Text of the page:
From public relations to the Hall of Fame, Ford Frick changed the game
In just a few short years in the 1930s, Ford Frick impacted the National Pastime like few before or since.
On Feb. 6, 1934, Frick was named public relations director of the National League after a distinguished career in media, specifically as a ghostwriter for Hall of Famer Babe Ruth and as a sportscaster.
Mere months after joining the NL, Frick became the league president, replacing John Heydler.
Wasting no time as president, Frick and Stephen Clark of Cooperstown led a movement in 1935 pushing the creation the National Baseball Hall of Fame.
Three years after the inaugural class of 1936, Frick’s dream became a reality as the Baseball Hall of Fame was established on June 12, 1939 in Cooperstown, N.Y.
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“It was one of the greatest things that happened to baseball.” Frick said.
Frick was an immense believer that the Hall of Fame should be very exclusive and that the rules and regulations must be accepted toward that end. As a result, the 75-percent threshold necessary for Hall of Fame election remains in place to this day.
On Sept. 20, 1951 Frick was elected as the commissioner of baseball, becoming the third in history, succeeding eventual Hall of Famer Happy Chandler.
During his time as commissioner, Frick was in charge of numerous positive changes to the game of baseball, one being the expansion from eight to 10 teams in both the American and National Leagues. He was also a major supporter of Jackie Robinson, as his role as commissioner was vital to Robinson breaking the color barrier in baseball.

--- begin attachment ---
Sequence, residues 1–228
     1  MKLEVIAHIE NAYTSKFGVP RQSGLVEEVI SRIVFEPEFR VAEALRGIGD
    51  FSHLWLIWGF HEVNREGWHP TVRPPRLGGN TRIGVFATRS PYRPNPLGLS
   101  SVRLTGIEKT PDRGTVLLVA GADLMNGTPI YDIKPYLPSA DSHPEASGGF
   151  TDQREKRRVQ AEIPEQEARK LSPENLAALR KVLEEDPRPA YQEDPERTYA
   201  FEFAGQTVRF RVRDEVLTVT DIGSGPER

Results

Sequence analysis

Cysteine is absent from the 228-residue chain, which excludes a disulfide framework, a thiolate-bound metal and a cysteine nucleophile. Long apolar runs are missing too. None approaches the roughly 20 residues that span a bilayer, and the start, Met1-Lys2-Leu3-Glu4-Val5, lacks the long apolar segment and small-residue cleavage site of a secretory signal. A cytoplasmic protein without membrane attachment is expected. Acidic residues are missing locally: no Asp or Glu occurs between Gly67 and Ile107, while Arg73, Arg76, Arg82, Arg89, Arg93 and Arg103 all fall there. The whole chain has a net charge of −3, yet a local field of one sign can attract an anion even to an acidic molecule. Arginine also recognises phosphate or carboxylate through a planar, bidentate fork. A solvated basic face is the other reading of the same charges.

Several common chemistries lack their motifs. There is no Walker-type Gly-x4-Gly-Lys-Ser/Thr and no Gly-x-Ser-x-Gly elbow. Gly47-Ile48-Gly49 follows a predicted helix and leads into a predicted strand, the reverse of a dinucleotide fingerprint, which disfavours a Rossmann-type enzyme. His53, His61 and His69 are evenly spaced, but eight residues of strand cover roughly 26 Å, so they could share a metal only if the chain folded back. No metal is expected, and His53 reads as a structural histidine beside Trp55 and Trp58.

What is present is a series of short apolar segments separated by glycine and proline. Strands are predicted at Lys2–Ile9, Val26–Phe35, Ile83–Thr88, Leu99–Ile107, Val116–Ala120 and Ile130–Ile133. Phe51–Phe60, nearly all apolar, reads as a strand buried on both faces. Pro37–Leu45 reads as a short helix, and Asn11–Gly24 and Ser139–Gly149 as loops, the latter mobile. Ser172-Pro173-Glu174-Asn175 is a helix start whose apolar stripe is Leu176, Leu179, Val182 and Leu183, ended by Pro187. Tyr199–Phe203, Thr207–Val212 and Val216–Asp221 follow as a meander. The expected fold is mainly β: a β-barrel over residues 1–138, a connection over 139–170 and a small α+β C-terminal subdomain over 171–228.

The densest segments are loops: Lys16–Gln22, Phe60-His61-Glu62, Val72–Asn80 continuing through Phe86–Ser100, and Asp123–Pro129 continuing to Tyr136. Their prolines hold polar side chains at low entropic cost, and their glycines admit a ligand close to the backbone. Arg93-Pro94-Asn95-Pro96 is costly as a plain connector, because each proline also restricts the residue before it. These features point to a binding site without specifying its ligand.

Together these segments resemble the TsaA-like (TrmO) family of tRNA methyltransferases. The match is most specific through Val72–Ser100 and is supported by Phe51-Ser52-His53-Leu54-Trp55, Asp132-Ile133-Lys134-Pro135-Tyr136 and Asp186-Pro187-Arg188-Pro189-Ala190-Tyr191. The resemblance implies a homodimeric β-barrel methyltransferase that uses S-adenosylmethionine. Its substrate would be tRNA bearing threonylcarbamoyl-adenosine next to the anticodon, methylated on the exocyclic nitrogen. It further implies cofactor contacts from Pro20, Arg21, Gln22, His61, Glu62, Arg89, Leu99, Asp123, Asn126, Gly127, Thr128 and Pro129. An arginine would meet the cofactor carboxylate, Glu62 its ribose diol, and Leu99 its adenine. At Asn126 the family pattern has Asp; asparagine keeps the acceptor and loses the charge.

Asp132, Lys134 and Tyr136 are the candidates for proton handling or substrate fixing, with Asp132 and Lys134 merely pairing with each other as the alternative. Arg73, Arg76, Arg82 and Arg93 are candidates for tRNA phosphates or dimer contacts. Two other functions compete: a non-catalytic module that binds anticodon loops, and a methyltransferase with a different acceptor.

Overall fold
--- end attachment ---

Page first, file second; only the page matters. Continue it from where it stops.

In December of 1965, Ford Frick retired at the end of two seven-year terms as commissioner. He was inducted into the Hall of Fame in 1970 by the Veterans Committee.
On April 8, 1978, Ford Frick passed away at 83 in Bronxville, N.Y. Later that year, the Ford C. Frick Award was established in his honor. Today the award is presented annually by the Hall of Fame to a broadcaster for “major contributions to baseball.”
“Remember, other areas of baseball may have good years and bad,” said Frick. “but Cooperstown goes on boosting the game year after year, without fail or interruption.”
Nick Anapolis was a public relations intern at the Baseball Hall of Fame